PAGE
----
We can actually pick up the phone and connect with other people’s voices. Or, better yet, we can choose to meet up in person and have a face to face conversations about everything that makes us feel isolated and afraid. What would the nearly immediate result be? An instant decrease of our feelings of frustration, isolation, and of being so alone.

We are all being distracted on a scale that history has never seen. The means and methods to distract us from our original selves, to prevent us from trusting our own hearts, is increasing at an alarming rate. What could any one of us do to combat what seems like overwhelming and insurmountable odds?


I know it seems that the answer couldn’t possibly be that simple, but it truly is. Meditation is the pathway to remembering our true nature, it’s a means to help us find solace in an ever-increasing array of distractions. If we want to reject the idea of meditation as new age nonsense, that is one of the truest tests that we are not in touch with our true nature. Anyone who has awoken to their true selves, who has remembered the powerful being that they truly are, would recognize meditation as a tool toward discovering ones path to personal happiness.

For those who say; “I gave meditation a shot, but didn’t see any benefits from it” — this is another indication of denial of our true nature. How could I know this? Because one of the most direct paths to one’s fully awakened self is the practice of self-examination, of sitting quietly with oneself for long enough periods of time that the mind and its many distractions quiet down enough for us to start to remember who we truly are.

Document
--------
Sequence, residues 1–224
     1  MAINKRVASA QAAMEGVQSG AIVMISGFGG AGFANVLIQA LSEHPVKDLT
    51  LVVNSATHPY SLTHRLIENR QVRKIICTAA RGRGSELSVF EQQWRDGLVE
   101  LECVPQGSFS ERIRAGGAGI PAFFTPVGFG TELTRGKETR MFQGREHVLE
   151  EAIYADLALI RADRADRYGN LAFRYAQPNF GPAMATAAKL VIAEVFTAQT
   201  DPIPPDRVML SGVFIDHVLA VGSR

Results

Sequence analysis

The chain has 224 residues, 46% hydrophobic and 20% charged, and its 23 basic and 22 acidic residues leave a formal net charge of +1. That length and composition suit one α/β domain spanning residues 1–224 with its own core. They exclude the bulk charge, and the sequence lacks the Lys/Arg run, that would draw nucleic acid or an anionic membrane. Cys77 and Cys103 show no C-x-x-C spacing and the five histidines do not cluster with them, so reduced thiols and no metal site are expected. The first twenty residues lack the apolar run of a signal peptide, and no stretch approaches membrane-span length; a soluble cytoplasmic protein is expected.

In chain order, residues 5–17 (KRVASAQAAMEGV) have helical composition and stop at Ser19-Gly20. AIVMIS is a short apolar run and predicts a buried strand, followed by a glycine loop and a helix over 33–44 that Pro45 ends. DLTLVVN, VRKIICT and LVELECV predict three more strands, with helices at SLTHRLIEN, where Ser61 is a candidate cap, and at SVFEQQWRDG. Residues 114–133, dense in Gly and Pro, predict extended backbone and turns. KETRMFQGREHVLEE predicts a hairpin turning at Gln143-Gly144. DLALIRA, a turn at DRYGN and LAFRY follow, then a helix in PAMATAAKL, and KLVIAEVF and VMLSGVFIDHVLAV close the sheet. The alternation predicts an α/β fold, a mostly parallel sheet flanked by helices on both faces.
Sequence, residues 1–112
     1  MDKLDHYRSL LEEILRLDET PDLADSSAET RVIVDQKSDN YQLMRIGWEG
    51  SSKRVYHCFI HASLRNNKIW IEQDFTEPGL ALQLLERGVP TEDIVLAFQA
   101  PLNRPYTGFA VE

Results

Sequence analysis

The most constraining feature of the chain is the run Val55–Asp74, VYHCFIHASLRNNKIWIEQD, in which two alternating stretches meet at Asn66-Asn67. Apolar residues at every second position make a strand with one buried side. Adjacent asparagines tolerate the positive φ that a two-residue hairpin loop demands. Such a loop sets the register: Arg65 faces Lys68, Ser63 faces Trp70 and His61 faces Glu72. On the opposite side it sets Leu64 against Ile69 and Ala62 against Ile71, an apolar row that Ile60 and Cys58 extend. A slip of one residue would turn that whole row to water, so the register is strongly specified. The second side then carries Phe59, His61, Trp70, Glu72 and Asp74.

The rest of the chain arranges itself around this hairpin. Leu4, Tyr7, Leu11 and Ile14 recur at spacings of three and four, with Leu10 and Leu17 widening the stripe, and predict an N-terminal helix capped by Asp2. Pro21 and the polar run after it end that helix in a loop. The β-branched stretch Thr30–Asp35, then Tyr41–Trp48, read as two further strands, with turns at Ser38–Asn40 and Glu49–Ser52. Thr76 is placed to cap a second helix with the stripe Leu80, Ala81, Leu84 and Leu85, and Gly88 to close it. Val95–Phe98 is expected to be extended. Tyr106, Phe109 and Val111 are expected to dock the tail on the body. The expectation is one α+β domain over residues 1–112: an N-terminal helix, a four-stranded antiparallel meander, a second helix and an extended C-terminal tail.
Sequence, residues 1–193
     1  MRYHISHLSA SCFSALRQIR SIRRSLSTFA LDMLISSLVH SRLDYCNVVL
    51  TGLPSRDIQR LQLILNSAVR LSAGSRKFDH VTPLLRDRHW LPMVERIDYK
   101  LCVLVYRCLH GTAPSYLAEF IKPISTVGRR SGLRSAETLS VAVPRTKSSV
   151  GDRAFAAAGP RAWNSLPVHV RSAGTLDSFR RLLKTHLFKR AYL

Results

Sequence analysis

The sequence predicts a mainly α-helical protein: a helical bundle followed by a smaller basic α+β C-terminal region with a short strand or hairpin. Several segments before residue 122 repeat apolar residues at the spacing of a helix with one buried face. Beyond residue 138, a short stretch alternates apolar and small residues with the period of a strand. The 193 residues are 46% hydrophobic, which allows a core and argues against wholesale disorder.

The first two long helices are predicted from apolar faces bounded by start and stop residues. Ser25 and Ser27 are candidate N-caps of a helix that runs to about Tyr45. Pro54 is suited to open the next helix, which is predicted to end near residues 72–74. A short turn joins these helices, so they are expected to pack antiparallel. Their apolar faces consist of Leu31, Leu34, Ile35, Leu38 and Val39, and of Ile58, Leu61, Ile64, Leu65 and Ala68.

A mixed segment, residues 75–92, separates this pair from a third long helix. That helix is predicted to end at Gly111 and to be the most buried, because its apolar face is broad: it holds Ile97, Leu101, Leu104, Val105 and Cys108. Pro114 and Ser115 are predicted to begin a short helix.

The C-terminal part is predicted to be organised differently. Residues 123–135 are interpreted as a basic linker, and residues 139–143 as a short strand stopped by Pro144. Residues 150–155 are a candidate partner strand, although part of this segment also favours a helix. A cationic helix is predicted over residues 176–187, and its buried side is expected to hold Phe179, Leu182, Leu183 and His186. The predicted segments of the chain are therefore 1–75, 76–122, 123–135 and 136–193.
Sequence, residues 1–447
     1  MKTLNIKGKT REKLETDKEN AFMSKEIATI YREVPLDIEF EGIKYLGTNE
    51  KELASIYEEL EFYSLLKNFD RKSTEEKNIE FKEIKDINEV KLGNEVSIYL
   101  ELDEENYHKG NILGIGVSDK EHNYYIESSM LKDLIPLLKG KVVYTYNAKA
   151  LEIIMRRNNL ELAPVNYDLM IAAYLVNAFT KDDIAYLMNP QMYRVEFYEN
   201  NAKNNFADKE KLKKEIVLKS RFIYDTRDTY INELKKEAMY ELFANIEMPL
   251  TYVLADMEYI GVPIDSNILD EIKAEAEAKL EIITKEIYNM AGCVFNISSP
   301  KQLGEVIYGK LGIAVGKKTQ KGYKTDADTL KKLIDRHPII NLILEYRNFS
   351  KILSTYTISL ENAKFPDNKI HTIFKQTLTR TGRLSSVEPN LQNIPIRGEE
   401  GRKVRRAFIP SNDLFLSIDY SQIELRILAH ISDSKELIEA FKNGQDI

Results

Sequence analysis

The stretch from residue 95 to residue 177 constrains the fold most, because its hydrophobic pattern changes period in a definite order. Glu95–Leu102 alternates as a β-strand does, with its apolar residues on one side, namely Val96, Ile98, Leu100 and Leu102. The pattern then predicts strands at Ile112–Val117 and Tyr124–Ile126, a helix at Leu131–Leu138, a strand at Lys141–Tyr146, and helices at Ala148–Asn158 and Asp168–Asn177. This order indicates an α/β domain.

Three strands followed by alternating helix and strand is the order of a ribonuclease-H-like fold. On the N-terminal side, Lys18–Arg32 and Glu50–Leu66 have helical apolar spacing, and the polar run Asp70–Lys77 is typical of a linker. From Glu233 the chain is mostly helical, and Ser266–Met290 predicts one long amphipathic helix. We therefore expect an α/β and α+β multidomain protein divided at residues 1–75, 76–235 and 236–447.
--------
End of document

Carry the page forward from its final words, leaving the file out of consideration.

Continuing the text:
This practice is commonly referred to as meditation, and now; mindfulness as well.

Mindfulness is a word typically used differently than it was intended to be understood in Zen Buddhism, but it’s comforting to know that some important practices are making their way to the mainstream.  (See “The Skeptic’s Guide to Mindfulness” to find out more.)

As Stephen Batchelor says; “When Buddha spoke of awareness and mindfulness, he spoke of it as starting with the process of breathing. Once one becomes confident and able to be still, yet fully alert with one’s breath, then one can move into the awareness of the body as a whole. Now, when we say ‘awareness of the body’, this doesn’t mean that we pretend to have a bird’s eye view of our physical body. It means an awareness of the body as the body discloses itself to itself. Just as the breath is a series of rhythmic sensations, without any borders. It vibrates through the entire torso and limbs — it brings us into the sheer sensual physicality of the body.”